Yankees Angels play by play1

(1) The first at-bat of the inning told us right away that home plate ump Alfonso Marquez was going to have a tight strike zone. At least two of those balls to Brett Gardner looked like strikes, and that was a common theme throughout the inning. Marquez squeezed, Richards had to come over the plate, and the Yankees made him pay. The zone was tight for both teams but the Yankees did a better job of capitalizing. Here’s the strike zone. Notice how nearly every borderline pitch was called a ball:

Yankees Angels strike zone(2) Chase Headley‘s single maybe possibly could have been a double play. It was a hot shot grounder second baseman Johnny Giavotella couldn’t handle, and it deflected off his glove and into shallow right field. It was a tough play, no doubt about it. With a little luck Giavotella could have had his glove up quicker, fielded the hopper, and gotten at least one out (if not two), changing the inning. That didn’t happen. The ball clanked off his glove and the Yankees were in business.

(3) Richards recorded one out among the first eight batters he faced, and that was a 400-foot fly ball to the center field warning track. I didn’t think it was gone off the bat — it looked like Mark Teixeira hit it juuust off the end of the bat — but it kept carrying and carrying before Mike Trout settled under it. That was the second hardest hit ball of the inning behind Brian McCann‘s two-run home run, which was another example of Richards getting squeezed, having to come over the plate, and the Yankees capitalizing.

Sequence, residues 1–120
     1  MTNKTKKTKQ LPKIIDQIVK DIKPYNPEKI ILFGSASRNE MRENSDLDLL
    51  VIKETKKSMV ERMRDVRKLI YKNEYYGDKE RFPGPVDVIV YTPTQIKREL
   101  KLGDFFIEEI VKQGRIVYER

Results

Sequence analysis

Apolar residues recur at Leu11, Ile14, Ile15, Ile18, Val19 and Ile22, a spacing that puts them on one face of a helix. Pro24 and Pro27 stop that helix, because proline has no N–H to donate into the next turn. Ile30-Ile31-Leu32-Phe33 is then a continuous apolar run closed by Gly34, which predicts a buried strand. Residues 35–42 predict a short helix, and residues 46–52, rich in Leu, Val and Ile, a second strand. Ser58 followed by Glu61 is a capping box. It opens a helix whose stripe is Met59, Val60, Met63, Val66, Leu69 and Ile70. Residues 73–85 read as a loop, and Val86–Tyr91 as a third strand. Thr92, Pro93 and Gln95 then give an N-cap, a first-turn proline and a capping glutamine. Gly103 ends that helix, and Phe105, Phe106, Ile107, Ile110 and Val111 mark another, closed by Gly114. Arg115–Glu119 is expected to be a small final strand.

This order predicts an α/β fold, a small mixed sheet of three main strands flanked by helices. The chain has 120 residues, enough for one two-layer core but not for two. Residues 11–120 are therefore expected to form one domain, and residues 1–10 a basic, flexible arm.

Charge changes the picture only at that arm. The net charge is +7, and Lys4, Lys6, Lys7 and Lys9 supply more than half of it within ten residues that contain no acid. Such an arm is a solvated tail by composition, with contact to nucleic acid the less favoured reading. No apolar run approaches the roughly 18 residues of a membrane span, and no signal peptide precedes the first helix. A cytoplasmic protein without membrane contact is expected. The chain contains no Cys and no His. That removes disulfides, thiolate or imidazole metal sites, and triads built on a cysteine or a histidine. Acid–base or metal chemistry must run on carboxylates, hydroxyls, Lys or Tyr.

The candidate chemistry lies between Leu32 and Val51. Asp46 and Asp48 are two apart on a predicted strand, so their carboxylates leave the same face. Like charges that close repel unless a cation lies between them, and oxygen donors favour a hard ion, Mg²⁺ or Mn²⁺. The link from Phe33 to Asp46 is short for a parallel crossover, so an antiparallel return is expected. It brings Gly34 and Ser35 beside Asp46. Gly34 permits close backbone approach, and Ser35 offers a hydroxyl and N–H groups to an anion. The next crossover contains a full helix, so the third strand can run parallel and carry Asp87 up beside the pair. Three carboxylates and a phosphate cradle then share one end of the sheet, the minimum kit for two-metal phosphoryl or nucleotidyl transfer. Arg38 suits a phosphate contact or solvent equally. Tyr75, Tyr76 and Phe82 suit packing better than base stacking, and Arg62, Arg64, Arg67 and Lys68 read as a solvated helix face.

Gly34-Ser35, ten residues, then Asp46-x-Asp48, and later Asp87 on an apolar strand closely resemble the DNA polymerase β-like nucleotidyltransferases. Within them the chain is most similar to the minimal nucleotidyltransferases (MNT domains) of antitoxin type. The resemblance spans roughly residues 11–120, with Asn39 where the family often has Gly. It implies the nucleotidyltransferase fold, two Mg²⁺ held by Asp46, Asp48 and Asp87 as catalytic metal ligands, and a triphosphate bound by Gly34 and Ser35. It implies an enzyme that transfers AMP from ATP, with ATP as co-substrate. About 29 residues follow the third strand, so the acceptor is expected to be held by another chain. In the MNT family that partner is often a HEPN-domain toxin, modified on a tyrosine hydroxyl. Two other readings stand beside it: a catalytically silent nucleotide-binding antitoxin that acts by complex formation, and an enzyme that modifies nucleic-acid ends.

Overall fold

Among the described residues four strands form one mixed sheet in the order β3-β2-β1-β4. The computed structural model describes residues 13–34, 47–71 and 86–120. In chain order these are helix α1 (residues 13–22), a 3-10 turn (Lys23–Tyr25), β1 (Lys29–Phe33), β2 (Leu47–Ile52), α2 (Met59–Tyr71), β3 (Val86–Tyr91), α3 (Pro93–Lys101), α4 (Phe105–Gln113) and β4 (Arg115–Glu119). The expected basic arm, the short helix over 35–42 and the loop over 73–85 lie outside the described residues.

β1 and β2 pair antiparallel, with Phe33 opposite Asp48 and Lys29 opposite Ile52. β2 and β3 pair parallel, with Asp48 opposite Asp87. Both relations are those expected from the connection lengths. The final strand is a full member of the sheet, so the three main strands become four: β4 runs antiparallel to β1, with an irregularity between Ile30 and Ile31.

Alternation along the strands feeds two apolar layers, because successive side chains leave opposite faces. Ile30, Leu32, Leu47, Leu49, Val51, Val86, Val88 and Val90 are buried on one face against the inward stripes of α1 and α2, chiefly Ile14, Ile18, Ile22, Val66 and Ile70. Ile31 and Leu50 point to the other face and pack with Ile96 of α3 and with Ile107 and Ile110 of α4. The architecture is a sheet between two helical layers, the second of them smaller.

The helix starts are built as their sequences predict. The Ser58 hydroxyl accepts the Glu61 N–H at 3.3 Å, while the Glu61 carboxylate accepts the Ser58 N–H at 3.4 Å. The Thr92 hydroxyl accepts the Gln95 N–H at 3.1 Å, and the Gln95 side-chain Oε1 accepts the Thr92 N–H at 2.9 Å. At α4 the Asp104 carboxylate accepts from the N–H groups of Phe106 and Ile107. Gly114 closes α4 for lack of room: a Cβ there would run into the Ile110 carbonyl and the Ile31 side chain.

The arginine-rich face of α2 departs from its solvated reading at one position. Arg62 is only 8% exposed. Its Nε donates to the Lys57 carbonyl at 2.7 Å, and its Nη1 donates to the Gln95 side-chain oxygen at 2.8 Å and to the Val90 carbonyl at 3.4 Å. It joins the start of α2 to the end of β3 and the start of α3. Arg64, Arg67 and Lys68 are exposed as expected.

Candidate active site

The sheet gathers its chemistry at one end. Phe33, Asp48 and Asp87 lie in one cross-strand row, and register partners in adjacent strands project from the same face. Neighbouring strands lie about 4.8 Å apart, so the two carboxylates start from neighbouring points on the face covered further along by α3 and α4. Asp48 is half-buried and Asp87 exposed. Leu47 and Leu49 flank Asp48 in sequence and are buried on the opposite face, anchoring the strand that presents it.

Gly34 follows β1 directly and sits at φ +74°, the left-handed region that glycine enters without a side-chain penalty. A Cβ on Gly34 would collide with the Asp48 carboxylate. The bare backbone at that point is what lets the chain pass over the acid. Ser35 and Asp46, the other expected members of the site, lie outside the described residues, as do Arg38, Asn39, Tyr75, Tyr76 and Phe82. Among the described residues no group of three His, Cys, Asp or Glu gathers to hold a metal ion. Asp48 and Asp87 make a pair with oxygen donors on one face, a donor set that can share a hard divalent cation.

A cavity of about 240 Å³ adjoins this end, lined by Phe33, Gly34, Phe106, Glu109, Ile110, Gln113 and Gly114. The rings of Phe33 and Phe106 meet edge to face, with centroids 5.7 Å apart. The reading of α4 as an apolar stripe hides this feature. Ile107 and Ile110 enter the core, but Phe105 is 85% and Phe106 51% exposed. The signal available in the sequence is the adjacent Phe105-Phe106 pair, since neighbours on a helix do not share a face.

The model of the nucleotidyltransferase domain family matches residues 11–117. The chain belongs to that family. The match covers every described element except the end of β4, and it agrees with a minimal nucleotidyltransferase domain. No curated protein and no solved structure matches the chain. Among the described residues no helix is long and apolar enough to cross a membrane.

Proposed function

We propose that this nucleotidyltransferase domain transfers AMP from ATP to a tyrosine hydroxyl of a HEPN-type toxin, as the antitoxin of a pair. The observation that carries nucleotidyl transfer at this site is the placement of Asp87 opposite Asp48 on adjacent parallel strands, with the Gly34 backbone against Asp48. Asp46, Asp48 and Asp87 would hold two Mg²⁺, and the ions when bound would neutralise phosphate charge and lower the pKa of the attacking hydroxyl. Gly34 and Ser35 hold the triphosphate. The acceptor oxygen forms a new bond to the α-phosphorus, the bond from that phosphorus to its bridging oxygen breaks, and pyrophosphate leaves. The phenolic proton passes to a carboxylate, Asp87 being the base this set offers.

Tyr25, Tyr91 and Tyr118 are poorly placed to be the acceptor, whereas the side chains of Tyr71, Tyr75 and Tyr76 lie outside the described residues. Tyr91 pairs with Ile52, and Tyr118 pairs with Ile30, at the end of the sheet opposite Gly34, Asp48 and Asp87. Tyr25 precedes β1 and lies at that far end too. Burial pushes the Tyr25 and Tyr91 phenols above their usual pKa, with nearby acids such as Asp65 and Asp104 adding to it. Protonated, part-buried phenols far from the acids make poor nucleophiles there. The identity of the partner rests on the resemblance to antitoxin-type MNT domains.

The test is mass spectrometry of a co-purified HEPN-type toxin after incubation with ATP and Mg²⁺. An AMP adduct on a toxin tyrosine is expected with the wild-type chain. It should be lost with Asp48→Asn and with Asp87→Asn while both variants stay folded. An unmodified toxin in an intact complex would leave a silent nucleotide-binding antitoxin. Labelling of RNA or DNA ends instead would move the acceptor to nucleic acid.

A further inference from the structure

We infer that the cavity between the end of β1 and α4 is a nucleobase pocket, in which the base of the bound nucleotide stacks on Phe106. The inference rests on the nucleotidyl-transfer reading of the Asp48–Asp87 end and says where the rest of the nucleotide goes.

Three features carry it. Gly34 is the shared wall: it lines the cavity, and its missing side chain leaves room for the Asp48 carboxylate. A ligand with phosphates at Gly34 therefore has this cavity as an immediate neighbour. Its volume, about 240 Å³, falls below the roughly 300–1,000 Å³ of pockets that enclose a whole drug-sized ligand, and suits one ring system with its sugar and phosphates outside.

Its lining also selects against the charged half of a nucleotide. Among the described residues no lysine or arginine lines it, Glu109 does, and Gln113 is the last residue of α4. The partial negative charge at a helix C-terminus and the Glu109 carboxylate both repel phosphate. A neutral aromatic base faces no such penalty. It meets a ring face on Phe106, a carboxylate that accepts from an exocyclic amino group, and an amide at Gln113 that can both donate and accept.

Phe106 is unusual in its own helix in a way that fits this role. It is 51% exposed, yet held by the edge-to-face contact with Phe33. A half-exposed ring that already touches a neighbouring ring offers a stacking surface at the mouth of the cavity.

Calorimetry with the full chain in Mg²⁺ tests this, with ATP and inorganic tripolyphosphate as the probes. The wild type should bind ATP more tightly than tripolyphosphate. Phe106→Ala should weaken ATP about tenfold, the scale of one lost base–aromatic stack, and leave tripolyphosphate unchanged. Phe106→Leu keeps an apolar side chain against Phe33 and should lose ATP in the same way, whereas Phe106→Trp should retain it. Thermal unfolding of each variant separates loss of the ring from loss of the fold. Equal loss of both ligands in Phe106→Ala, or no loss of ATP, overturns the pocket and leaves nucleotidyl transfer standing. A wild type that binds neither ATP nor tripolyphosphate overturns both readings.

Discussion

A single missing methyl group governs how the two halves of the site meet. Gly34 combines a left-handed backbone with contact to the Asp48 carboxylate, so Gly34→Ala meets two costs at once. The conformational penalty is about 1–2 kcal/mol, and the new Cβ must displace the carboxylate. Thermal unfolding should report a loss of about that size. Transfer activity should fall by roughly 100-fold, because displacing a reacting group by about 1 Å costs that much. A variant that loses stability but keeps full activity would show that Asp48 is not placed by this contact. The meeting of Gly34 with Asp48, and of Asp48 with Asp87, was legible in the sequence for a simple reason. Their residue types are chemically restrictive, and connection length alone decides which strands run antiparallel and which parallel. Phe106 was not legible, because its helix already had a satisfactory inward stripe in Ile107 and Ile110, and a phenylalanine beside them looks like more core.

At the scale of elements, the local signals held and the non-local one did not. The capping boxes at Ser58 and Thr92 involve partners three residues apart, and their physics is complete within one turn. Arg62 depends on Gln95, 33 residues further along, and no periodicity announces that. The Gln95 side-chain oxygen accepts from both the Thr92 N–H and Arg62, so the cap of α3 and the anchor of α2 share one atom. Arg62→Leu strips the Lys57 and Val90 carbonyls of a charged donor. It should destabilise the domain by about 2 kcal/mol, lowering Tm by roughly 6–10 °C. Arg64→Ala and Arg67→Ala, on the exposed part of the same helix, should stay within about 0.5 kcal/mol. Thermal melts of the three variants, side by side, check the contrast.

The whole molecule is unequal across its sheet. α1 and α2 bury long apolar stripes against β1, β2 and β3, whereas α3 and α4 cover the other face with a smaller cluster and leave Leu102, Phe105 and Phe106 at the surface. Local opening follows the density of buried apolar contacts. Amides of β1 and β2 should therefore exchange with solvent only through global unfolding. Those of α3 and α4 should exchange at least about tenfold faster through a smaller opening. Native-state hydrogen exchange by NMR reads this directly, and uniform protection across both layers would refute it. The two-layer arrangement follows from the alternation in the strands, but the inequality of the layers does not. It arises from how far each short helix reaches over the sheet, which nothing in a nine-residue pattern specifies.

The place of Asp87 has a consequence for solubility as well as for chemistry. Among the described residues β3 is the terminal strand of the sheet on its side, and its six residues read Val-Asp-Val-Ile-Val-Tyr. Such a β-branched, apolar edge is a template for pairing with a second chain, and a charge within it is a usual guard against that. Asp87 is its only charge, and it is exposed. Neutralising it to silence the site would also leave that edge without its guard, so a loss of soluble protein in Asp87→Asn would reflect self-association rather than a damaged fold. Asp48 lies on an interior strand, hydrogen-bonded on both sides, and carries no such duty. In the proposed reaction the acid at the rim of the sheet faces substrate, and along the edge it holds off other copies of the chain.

(4) Low baseball IQ alert! Stephen Drew hit a soft chopper to first base, and for some reason Albert Pujols tried to catch Didi Gregorius wandering off second base rather than take the sure out at first in hopes of snuffing out the big inning. Pujols made the throw to Giavotella, Gregorius slid back in, and second base ump Tom Hallion called him out. The Yankees immediately challenged and the replays clearly showed that not only did Didi beat the tag, there wasn’t even a tag applied. Giavotella tagged his own leg, not Gregorius. The call was overturned, Didi was ruled safe, and the Yankees reloaded the bases on a boneheaded play by Pujols, arguably the greatest player of his generation and usually a pretty smart defender.